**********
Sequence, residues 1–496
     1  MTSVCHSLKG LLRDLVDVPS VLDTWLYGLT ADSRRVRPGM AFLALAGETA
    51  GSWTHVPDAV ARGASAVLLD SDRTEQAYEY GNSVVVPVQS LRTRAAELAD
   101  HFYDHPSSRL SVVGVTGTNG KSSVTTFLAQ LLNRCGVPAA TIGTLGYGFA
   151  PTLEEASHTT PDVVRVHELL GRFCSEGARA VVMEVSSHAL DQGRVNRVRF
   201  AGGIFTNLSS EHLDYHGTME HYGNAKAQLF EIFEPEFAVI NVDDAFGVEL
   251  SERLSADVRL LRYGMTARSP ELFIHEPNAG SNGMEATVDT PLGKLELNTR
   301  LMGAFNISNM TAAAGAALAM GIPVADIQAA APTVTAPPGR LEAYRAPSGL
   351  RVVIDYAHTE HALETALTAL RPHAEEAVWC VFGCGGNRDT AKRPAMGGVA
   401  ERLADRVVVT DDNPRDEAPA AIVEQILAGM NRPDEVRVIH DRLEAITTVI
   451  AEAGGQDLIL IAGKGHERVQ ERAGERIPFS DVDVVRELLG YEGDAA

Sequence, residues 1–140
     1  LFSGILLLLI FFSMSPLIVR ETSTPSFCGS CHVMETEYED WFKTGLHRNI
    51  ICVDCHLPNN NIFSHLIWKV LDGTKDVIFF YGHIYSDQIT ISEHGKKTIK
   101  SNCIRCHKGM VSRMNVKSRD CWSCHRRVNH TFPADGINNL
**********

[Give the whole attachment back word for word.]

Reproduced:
Sequence, residues 1–496
     1  MTSVCHSLKG LLRDLVDVPS VLDTWLYGLT ADSRRVRPGM AFLALAGETA
    51  GSWTHVPDAV ARGASAVLLD SDRTEQAYEY GNSVVVPVQS LRTRAAELAD
   101  HFYDHPSSRL SVVGVTGTNG KSSVTTFLAQ LLNRCGVPAA TIGTLGYGFA
   151  PTLEEASHTT PDVVRVHELL GRFCSEGARA VVMEVSSHAL DQGRVNRVRF
   201  AGGIFTNLSS EHLDYHGTME HYGNAKAQLF EIFEPEFAVI NVDDAFGVEL
   251  SERLSADVRL LRYGMTARSP ELFIHEPNAG SNGMEATVDT PLGKLELNTR
   301  LMGAFNISNM TAAAGAALAM GIPVADIQAA APTVTAPPGR LEAYRAPSGL
   351  RVVIDYAHTE HALETALTAL RPHAEEAVWC VFGCGGNRDT AKRPAMGGVA
   401  ERLADRVVVT DDNPRDEAPA AIVEQILAGM NRPDEVRVIH DRLEAITTVI
   451  AEAGGQDLIL IAGKGHERVQ ERAGERIPFS DVDVVRELLG YEGDAA

Sequence, residues 1–140
     1  LFSGILLLLI FFSMSPLIVR ETSTPSFCGS CHVMETEYED WFKTGLHRNI
    51  ICVDCHLPNN NIFSHLIWKV LDGTKDVIFF YGHIYSDQIT ISEHGKKTIK
   101  SNCIRCHKGM VSRMNVKSRD CWSCHRRVNH TFPADGINNL